The problems I see:
1) It’s pretty far from Downtown Bellevue, so a second transport mechanism would be required to move people from there to and from the station. It’d require either some kind of bus or secondary rail system.
2) There’s a huge section that passes outside of the growth boundary until Snohomish county, way out in the middle of no where.
3) The southern section runs right next to lake, where few people live and the (rich) people who do live there probably aren’t that interested in having stations in their neighborhoods. Actually, the rich people idea holds true for a lot of the rail on that line.

Still, I think it’s a good idea to put something there, and that area probably doesn’t have the density to support light rail.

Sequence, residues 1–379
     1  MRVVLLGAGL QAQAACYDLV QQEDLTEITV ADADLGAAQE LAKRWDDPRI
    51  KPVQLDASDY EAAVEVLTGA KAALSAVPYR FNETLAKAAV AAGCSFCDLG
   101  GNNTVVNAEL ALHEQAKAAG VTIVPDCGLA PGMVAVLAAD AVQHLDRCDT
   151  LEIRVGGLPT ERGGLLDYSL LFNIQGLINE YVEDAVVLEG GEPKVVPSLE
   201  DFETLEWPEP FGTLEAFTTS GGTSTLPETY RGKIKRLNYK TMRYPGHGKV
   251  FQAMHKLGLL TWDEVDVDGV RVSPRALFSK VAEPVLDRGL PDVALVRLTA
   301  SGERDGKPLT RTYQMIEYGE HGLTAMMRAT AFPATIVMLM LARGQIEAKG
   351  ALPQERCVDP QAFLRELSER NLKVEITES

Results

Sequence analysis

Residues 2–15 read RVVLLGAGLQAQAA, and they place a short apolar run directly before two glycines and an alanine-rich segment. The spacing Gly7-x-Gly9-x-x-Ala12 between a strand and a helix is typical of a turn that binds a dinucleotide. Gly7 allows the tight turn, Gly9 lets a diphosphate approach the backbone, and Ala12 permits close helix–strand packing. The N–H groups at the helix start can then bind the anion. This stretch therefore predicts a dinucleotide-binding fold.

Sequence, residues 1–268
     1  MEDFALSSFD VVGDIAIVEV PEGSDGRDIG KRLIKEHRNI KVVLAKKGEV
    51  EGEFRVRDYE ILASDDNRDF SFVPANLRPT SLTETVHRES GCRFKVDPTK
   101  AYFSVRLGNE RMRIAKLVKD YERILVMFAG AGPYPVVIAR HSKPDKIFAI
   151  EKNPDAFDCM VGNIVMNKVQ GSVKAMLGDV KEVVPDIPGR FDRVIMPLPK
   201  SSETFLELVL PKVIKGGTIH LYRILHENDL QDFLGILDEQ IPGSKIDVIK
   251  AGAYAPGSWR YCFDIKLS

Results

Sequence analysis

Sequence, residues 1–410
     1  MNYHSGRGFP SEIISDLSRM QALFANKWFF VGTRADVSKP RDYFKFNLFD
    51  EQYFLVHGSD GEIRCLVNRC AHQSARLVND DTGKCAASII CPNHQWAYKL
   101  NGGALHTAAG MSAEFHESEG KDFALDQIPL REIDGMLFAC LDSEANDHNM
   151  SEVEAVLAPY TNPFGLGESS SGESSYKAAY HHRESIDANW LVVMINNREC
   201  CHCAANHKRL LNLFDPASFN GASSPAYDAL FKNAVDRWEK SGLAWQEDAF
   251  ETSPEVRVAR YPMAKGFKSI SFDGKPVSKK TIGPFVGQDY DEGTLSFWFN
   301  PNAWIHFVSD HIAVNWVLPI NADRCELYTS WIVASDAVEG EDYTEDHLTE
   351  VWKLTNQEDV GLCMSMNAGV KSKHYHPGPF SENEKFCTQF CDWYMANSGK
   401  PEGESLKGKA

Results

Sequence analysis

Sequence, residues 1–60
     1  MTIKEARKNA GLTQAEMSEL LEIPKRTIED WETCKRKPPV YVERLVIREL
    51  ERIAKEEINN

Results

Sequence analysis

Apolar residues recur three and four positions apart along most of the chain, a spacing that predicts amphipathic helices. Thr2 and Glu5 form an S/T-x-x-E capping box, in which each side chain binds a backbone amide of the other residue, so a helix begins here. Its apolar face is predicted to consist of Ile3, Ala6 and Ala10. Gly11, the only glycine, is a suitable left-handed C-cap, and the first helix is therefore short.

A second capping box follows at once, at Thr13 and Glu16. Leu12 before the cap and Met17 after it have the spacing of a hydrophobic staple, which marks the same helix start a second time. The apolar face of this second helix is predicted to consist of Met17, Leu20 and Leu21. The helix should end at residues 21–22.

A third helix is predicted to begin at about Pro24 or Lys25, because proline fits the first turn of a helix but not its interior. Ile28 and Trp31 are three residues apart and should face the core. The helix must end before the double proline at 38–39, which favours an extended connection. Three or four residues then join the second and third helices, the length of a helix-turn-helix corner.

PI: Stop Subsidizing the Streetcar

This post originally appeared on Orphan Road.

the P-I doesn’t like the idea of losing bus service to accommodate the SLU Streetcar:

“Ultimately, it is dollars,” Licata said, adding that while a Metro bus costs $104 an hour to operate, a streetcar costs $182. Plus, only 14 percent of the 83 segments that make up the city’s 61 transit corridors get bus service every 15 minutes for 12 hours a day, which is what the SLU streetcar will provide to a very limited number of users. True, getting a whiz-bang light rail service may free up some Metro transit hours, but we could sure use those hours for feeder buses to light rail stations.